Arepas are a traditional dough made out of ground maize (corn) eaten in northern regions of South America, especially Colombia, Venezuela, and Bolivia, but are they gluten-free?
Arepas are made of masarepa which is generally a corn based dough, so therefore arepas are generally gluten-free.
However, there are other factors that could change the gluten contents of an arepa like manufacturing practices and packaging. What are these delicious delicacies really made out of, and how do you make them? Keep reading this article to find out.
What Are Arepas?
The corn-based dough that gives arepas that delicious and unique flavor is thanks to masarepa. Masarepa is a pre-cooked ground corn flour, popular in regions like Venezuela and Colombia.
To make masarepa takes a bit of a process, and it takes a lot of physical work. You have to soak the dried corn and then manually pound the grains in order to remove the seed germ and the outer lining. Whatever is left of the corn is then cooked and ground up- this makes the arepas!
The good news is that the process of masarepa has sped up with the times, after all, no one really has time to grind the dried corn these days.
Specialty Latin grocers as well as some major grocery store chains will carry wide varieties of masarepa (precooked corn flour). Some popular brands include Goya, Harina Juana, and Harina PAN.
Once you have the pre-cooked corn flour, all you need to do is add a few more ingredients and the arepa mix is ready to hit the grill.
The great thing about arepas is that they can be eaten as a side dish, or as a main dish. They’re often eaten plain, topped or filled with meats or cheese, and vegetables too.
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How Do You Make Arepas?
Once you have the masarepa, the arepas are prepared on a griddle and fried to golden brown perfection. To make these delicious round corn cakes doesn’t take too much effort once you get the hang of it.
The general ingredients you’ll need are:
- Lukewarm water
- White cornmeal
- Vegetable Oil, or what is needed
But that’s just the tip of the iceberg. Did you know there are about 75 distinct forms of arepas that exist. There are many types of flavors and styles this dish comes in.
The variations depend on the region of Latin America you come from, so in some parts of Colombia they may come thinner and wider, whereas in Venezuela it will be thicker.
There are even chocolate arepas to satisfy anyone who has a major sweet tooth. Want more sweet options? There’s also arepas de Planato Maduro, which are arepas made with ripe plantains and a little sugar.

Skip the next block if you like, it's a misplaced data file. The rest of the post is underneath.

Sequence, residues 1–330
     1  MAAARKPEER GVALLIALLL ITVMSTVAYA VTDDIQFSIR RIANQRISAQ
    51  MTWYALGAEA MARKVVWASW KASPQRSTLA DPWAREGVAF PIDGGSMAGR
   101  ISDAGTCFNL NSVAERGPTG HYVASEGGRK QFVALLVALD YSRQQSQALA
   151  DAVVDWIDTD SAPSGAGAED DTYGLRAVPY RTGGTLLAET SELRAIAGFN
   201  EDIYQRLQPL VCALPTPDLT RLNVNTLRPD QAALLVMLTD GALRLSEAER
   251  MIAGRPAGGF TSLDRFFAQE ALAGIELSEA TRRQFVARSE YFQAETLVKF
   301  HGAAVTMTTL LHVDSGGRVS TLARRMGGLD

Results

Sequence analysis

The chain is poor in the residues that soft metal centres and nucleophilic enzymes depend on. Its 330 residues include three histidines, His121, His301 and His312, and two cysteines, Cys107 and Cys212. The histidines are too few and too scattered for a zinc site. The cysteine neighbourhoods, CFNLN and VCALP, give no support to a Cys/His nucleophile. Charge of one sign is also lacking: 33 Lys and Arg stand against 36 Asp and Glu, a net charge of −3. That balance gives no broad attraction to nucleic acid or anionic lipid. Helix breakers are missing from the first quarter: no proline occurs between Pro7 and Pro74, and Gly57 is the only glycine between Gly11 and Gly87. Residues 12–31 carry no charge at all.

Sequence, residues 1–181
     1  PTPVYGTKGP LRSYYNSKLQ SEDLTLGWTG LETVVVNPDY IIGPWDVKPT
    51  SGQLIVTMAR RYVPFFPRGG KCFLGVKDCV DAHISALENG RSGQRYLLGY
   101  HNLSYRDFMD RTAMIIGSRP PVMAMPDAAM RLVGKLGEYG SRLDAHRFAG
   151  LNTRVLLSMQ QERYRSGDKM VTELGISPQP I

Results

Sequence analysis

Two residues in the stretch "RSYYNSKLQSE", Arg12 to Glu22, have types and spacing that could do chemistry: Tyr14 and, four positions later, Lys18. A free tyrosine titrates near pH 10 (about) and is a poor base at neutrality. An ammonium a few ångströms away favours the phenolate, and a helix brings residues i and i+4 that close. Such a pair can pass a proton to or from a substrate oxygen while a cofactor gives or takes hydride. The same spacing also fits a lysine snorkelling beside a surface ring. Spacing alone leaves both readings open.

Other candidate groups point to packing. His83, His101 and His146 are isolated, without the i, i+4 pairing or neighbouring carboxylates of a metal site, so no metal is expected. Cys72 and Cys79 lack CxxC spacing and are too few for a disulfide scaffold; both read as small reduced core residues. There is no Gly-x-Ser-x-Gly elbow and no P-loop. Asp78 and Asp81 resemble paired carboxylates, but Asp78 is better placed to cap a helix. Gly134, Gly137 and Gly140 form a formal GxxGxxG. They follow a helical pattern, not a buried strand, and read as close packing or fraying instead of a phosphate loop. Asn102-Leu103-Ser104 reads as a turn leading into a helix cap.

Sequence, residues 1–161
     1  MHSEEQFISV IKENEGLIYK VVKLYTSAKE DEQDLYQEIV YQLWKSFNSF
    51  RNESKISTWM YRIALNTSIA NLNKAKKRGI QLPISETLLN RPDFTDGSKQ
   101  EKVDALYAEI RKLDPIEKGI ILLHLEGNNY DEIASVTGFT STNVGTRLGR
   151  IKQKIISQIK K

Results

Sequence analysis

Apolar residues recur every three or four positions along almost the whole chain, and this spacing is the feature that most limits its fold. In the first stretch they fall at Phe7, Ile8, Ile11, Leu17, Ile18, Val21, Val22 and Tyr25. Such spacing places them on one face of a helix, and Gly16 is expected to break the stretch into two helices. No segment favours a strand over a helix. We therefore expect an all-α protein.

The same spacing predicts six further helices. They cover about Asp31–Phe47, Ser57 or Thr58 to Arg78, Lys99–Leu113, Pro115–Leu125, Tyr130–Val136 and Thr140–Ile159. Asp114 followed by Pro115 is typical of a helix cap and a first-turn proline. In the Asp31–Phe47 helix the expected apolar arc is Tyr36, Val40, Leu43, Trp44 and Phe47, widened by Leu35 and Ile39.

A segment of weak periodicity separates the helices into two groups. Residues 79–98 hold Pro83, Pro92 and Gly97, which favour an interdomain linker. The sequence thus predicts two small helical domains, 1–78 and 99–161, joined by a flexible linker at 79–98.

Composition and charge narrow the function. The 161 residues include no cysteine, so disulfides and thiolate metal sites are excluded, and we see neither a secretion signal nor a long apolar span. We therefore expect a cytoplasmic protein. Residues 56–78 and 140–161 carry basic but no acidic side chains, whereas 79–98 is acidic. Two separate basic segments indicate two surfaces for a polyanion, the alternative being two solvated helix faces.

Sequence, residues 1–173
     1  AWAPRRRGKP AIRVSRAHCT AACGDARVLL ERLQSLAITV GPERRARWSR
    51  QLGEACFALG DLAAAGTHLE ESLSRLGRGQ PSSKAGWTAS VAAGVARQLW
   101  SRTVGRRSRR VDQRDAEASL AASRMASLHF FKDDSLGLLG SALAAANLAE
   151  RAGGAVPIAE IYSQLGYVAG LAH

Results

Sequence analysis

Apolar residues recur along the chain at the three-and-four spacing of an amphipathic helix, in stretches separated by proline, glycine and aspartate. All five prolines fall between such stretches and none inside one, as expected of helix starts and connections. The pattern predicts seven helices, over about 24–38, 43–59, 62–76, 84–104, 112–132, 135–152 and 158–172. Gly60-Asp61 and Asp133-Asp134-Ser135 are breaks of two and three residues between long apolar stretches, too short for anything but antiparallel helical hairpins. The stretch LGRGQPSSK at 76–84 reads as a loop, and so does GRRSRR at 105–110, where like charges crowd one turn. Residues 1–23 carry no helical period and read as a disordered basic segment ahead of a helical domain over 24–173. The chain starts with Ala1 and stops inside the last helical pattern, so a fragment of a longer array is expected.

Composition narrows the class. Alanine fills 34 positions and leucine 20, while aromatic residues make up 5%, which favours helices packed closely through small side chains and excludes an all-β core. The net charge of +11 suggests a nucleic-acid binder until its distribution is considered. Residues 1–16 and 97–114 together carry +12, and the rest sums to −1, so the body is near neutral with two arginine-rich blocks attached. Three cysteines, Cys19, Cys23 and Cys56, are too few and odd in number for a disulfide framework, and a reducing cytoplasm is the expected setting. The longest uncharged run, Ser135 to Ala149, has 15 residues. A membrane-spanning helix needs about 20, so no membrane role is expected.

Do All Arepas Come Gluten-Free?
Because of their corn-based nature, arepas are gluten-free.
In its natural form, corn is gluten-free, but it’s always a good practice to check ingredients listed on the packaging of corn flour to make sure that the corn flour wasn’t processed with gluten byproducts, especially if you’re severely allergic or suffer with Celiac disease.
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Do Restaurant Arepas Come Gluten-Free?
If arepas are made in their purest form, then perhaps, they’d be a hundred percent gluten-free, but what about at a restaurant?
The short answer is that you’ll have to ask the kitchen staff/chef personally if the arepas being prepared for you are gluten-free.
There are plenty of ways that arepas might get prepared on surfaces that also were in contact with gluten whether it be the same cooking oil, utensils, or the surface they were rolled on.
Where Can I Get the Best Arepas?
With all of this talk of delicious Latin American food, I’m sure you’re wondering if there’s anywhere you can find the best arepas, especially if you’re not able to make them from scratch.
To find the best arepas, one might have to book a flight to Venezuela or Colombia as soon as possible- after all, that’s where arepas are most common, geographically speaking.
Depending on where you live, there are Latin neighborhoods in a lot of diverse cities, and you might be lucky enough to be living close to one. You can easily search Latin restaurants wherever you live and cross your fingers that they sell arepas!
If you can’t find one, then you might have to try your hand in the kitchen and attempt to make arepas from scratch! The good thing is there are plenty of delicious recipes posted with video instruction as well.
Foods Similar to Arepas
If you can’t get enough of the rich corn flour taste of arepas, then you’re in luck. Regionally, South American cuisine features many corn-based delicacies.
Pupusas, which derive from El Salvador, are often larger and flatter than an arepa. The corn flour used in pupusas is called masa harina, which is almost like the corn flour used in arepas except it goes through a process that removes the germ and hull from the corn.
This process makes the corn more digestible, and is commonly used to make corn tortillas. Like arepas, pupusas are filled with cheese, beans or ground pork.
Here’s a video on how to make pupusas.
Gorditas are a Mexican dish that often look like arepas, but they’re made from masa harina, like pupusas. Unlike arepas which are flat, gorditas are fried until they puff, almost like a pita pocket. They are also stuffed with delicious fillings like beans and cheese.
For a delicious gordita stuffed with red chile ground beef, check out the video here.
Now that I’ve opened your appetite to the delicious world of arepas, the question that you might be asking is- how can I get some?
The great thing about these delicious and sweet corn cakes is that they’re delicious and available to people who suffer with Celiac disease or gluten sensitivities as well.